The next few months were a rollercoaster of events.  My daughter had two more attempts at suicide by cutting her arms and wrists.  At one point she had almost 40 cuts up her forearm and multiple cuts and claw-marks crossing over those.  We had everything locked up.  I mean everything from Tylenol to butter knives were locked behind a door that the keys were around necks and nowhere near her getting ahold of them.  She was breaking pencil sharpers at school, tearing the tabs off soda cans, anything she could get her hands on she was cutting herself with.  She wrote a lot.  Dark truths that were inside her heart and mind.  She also wrote that she heard the train in class at school and knew she could walk there and lay on the tracks if she could get away from school long enough to get there.  She was ACTIVELY SUICIDAL again.  So, after three stays at the short-term facility, it was decided by her therapist and myself and my parents that she needed a long-term facility.  So again the hunt was on.  Insurance coverage, availability, close enough to home that I could visit her on visitation days, promptness to admitting her.  I kept being told that there was at least a two to three month waiting list for most places and the closest facility was 7 hours away.  Then I got a call on day two that said they had an availability and I could bring her in two days.  That three-month wait just dropped to a few days.  Thank you God!

So, we all loaded up in my car, and we drove all night to San Antonio to take her to the long-term facility that was the next step in changing her life.  There she finished school, learned coping skills, learned to communicate, we had family therapy, she had individual therapy, they took her off all the medications she had been placed on and was placed on one anxiety medication.  I was told that she was actively suicidal (there are those two words again haunting me as a mother) and that the excessive medications she had been placed on intensified that as a side effect.  So, we began the healing process.  Her individually.  Us as a family.  She began receiving 12-hour passes for visitations off the campus and after three months we were told we could pick her up and bring her back home.  Thank you God!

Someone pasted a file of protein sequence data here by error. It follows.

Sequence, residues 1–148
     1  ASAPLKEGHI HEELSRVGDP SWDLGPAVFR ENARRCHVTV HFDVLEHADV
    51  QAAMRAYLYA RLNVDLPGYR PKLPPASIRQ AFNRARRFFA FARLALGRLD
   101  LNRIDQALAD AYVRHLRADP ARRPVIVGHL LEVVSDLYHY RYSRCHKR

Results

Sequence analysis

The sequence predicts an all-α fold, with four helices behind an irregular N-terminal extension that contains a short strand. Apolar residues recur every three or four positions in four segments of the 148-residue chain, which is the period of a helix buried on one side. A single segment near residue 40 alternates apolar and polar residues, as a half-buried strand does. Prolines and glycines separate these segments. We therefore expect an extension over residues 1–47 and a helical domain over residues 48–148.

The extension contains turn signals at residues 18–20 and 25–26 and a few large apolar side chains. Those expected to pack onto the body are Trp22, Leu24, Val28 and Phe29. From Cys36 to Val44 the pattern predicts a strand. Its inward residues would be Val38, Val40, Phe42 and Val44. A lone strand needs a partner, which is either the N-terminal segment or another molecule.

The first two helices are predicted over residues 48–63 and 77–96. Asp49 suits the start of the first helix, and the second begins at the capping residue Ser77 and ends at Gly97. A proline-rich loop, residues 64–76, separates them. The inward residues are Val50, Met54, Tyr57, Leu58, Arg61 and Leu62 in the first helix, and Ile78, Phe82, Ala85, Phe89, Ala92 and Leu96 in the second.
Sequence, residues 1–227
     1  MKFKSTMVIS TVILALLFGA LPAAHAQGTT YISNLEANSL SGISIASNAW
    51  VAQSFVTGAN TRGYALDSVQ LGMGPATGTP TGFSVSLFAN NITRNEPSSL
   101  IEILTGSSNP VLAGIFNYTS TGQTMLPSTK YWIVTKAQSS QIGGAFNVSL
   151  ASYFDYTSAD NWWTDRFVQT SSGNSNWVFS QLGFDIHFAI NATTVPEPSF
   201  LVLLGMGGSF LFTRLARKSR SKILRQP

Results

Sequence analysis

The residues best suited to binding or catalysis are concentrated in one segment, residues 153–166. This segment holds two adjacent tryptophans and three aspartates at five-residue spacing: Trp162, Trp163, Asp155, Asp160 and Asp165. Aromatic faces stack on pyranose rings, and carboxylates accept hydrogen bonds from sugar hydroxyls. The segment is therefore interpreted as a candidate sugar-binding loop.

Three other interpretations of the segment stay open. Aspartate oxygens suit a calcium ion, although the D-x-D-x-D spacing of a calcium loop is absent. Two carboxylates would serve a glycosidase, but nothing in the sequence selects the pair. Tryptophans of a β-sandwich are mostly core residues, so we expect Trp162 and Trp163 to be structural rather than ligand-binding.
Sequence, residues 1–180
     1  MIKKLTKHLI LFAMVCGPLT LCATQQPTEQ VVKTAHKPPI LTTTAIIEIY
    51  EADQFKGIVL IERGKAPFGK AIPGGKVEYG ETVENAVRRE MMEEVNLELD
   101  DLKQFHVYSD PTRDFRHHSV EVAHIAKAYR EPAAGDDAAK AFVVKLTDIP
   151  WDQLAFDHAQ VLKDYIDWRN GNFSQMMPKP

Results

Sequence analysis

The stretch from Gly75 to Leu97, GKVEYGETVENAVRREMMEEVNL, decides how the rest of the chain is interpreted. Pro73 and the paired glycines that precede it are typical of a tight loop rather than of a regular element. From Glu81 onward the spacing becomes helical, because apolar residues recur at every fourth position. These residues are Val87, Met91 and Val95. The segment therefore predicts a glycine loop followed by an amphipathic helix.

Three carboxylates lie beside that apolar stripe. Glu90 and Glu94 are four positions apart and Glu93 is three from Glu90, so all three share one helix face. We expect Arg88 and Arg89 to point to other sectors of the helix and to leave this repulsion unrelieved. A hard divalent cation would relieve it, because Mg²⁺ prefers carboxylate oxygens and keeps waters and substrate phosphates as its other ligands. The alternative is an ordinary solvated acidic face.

So, we brought her home.  She continues to work on her communication, getting stronger each day.  Owning that she is a survivor and no longer a victim.  Finding her voice to be an advocate for herself and to stand up for herself and to stand up against others when they are abusive (physical, verbal, emotional).  She is a fighter and stronger than she knew she was.  She has learned to genuinely laugh again.  She continues to make straight A’s.  She draws and writes and loves fiercely.  She accepts others and speaks more positivity into her own life as well as others.  She is my daughter and I am so damn proud of her.

So, October 13th was one year.  One year from the day I walked her into that new office, with a new therapist, for a crisis evaluation, for being told that my daughter was actively suicidal.  One year that Charles gave my family what tools we needed to help save her life.  To help her learn to stand in the sunshine again and to dance in the rain.  A-Day as my daughter and I have named it.  Alive Day.  The day she began to live again.  It has been a very long and dark journey with more tears and screaming than I care to tell about.  One miraculous year of growth and I am still beyond proud she is my daughter and blessed that God chose me to be her mother.  What a gift she is.  What a testimony she has.  What a life she will live.  What a splendid day this day is.  October 13th.  A-Day.

October 13th, 2016, my daughter was told that she can call if she needs an appointment.  She can call with good news or on bad days.  She was reminded of coping skills on days she has a rough time.  She was reminded of how to get through panic attacks if she is triggered.  She was told all the positive affirmations that we see in her and feel are permanent to her character and personality.  She was told, by this man, her therapist, that she is the “Most proud moment of his life, not just his career.”  We celebrated A-Day.  We hugged.  We cried.  We laughed.  We lived.  She lived. 

* If you or someone you know is suicidal or expressing signs of self-harm.  Get them help.  It is more important to get them to safety than it is to risk losing a friendship or to anger a loved one.  Call and do not take no for an answer on assistance.  There are people who will help and people who will have connections to get you to where you need to be.  

Know you are loved. 
Know you have self worth.  
Know that you cannot see light without darkness. 
Know that it is okay to choose to stand in the sunshine.